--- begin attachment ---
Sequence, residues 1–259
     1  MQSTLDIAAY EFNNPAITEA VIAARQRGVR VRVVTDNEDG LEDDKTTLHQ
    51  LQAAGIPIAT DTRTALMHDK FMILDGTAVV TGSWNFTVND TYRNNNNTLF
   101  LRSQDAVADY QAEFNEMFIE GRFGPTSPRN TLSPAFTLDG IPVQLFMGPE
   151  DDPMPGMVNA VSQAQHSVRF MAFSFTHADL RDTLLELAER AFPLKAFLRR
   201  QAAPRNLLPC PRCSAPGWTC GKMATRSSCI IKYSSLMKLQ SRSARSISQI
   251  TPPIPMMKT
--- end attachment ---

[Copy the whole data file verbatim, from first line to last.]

Sequence, residues 1–259
     1  MQSTLDIAAY EFNNPAITEA VIAARQRGVR VRVVTDNEDG LEDDKTTLHQ
    51  LQAAGIPIAT DTRTALMHDK FMILDGTAVV TGSWNFTVND TYRNNNNTLF
   101  LRSQDAVADY QAEFNEMFIE GRFGPTSPRN TLSPAFTLDG IPVQLFMGPE
   151  DDPMPGMVNA VSQAQHSVRF MAFSFTHADL RDTLLELAER AFPLKAFLRR
   201  QAAPRNLLPC PRCSAPGWTC GKMATRSSCI IKYSSLMKLQ SRSARSISQI
   251  TPPIPMMKT